Text 1

 

Rats and other animals need to be highly at tuned to social signals from others so that can identify friends to cooperate with and enemies to avoid. To find out if this extends to non-living beings, Loleh Quinn at the University of California, San Diego, and her colleagues tested whether rats can detect social signals from robotic rats.

 

They housed eight adult rats with two types of robotic rat-one social and one asocial -for 5 our days.

 

The robots rats were quite minimalist, resembling a chunkier version of a computer mouse with wheels-to move around and colorful markings.

 

During the experiment, the social robot rat followed the living rats around, played with the same toys, and opened caged doors to let trapped rats escape. Meanwhile, the asocial robot simply moved forwards and backwards and side to side.

 

Next, the researchers trapped the robots in cages and gave the rats the opportunity to release them by pressing a lever.

 

Across 18 trials each, the living rats were 52 percent more likely on average to set the social robot free than the asocial one. This suggests that the rats perceived the social robot as a genuine social being. They may have bonded more with the social robot because it displayed behaviors like communal exploring and playing. This could lead to the rats better remembering having freed it earlier, and wanting the robot to return the favour when they get trapped, says Quinn.

 

The readiness of the rats to befriend the social robot was surprising given its minimal design. The robot was the same size as a regular rat but resembled a simple plastic box on wheels. "We'd assumed we'd have to give its moving head and tail, facial features, and put a scene on it to make it smell like a real rat, but that wasn't necessary," says Janet Wiles at the University of Queensland in Australia, who helped with the research.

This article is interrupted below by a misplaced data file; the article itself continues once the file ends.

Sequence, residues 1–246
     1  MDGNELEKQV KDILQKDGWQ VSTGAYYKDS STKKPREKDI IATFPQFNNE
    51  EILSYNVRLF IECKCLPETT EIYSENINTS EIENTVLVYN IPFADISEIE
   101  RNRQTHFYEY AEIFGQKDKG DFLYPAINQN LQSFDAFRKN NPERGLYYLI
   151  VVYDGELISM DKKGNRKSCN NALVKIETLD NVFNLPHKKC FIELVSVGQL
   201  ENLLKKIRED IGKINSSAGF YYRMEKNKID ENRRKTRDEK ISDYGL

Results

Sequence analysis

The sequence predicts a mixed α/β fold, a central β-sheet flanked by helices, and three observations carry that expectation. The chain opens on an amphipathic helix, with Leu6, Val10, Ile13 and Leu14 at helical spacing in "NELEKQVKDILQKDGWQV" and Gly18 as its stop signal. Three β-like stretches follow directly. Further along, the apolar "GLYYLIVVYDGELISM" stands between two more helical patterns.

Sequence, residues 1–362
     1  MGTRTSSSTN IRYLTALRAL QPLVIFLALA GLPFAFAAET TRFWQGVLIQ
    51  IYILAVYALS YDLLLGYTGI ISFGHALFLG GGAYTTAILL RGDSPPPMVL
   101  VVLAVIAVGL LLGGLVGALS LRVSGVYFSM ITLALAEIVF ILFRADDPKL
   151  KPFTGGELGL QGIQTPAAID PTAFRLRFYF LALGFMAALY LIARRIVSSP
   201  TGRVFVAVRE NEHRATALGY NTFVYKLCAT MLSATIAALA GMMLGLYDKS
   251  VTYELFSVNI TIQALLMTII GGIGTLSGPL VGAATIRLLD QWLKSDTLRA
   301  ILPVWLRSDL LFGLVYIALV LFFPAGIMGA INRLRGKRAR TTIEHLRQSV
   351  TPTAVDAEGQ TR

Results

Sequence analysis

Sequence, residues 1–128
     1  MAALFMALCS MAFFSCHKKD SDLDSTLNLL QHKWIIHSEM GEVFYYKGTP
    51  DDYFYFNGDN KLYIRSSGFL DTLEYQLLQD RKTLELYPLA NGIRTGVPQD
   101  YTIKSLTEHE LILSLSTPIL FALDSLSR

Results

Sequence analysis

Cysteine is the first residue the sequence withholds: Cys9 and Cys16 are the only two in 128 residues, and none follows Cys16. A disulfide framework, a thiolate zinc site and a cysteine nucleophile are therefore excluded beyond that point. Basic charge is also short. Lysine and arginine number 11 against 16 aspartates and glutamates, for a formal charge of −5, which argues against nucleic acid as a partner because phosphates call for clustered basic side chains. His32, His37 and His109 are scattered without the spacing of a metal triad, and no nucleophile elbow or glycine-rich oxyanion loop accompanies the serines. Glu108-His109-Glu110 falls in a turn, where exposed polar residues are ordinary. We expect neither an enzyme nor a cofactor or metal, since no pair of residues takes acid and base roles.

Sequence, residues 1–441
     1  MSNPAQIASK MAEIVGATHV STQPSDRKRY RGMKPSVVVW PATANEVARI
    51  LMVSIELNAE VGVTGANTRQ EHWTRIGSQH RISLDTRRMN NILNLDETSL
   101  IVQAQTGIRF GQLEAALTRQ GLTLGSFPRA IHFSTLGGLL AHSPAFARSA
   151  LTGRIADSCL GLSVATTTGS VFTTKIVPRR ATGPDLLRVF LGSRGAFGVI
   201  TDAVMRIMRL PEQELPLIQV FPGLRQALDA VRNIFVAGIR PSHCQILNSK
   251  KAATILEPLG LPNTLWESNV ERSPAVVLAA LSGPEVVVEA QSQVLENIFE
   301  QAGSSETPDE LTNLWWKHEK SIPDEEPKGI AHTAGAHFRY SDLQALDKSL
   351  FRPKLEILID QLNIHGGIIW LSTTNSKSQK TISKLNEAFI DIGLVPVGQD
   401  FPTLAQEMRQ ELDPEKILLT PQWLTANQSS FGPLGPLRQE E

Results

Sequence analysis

The finding shows how sensitive rats arc to social cues, even when they come from basic robots. Similarly, children tend to treat robots as if they are fellow beings, even when they display only simple social signals. "We humans seem to be fascinated by robots, and it turns out other animals are too," says Wiles.

 

21.Quinn and her colleagues conducted a test to see if rats can .

 

[A] pickup social signals from non-living rats

 

[B] distinguish a friendly rat from a hostile one

 

[C] attain sociable traits through special training

 

[D] send out warning messages to their fellow

 

22.What did the social robot do during the experiment?

 

[A] It followed the social robot.

 

[B] It played with some toys.

 

[C] It set the trapped rats free.

 

[D] It moved around alone.

 

23.According to Quinn, the rats released the social robot because they

 

[A] tried to practice a means of escape

 

[B] expected it to do the same in return

 

[C] wanted to display their intelligence

 

[D] considered that an interesting game

 

24.James Wiles notes that rats .

 

[A] can remember other rat's facial features

 

[B] differentiate smells better than sizes

 

[C] respond more to cations than to looks

 

[D] can be scared by a plastic box on wheels

 

25.It can be learned from the text that rats .

 

[A] appear to be adaptable to new surroundings

 

[B] arc more socially active than other animals

 

[C] behave differently from children in socializing

 

[D] are more sensitive to social cues than expected